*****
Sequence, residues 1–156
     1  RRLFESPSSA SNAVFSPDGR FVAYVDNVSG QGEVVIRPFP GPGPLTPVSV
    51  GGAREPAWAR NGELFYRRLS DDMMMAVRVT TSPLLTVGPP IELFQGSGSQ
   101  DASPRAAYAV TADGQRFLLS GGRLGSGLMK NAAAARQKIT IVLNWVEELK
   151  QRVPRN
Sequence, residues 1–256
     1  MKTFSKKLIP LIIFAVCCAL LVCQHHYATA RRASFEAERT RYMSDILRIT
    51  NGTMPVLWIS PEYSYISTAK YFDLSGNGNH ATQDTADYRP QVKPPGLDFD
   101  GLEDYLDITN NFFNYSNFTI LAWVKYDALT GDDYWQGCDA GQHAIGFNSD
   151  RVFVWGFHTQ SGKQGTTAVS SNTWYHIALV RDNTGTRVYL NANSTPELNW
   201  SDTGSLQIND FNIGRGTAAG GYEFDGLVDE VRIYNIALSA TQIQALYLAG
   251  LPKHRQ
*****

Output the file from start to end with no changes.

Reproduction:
Sequence, residues 1–156
     1  RRLFESPSSA SNAVFSPDGR FVAYVDNVSG QGEVVIRPFP GPGPLTPVSV
    51  GGAREPAWAR NGELFYRRLS DDMMMAVRVT TSPLLTVGPP IELFQGSGSQ
   101  DASPRAAYAV TADGQRFLLS GGRLGSGLMK NAAAARQKIT IVLNWVEELK
   151  QRVPRN
Sequence, residues 1–256
     1  MKTFSKKLIP LIIFAVCCAL LVCQHHYATA RRASFEAERT RYMSDILRIT
    51  NGTMPVLWIS PEYSYISTAK YFDLSGNGNH ATQDTADYRP QVKPPGLDFD
   101  GLEDYLDITN NFFNYSNFTI LAWVKYDALT GDDYWQGCDA GQHAIGFNSD
   151  RVFVWGFHTQ SGKQGTTAVS SNTWYHIALV RDNTGTRVYL NANSTPELNW
   201  SDTGSLQIND FNIGRGTAAG GYEFDGLVDE VRIYNIALSA TQIQALYLAG
   251  LPKHRQ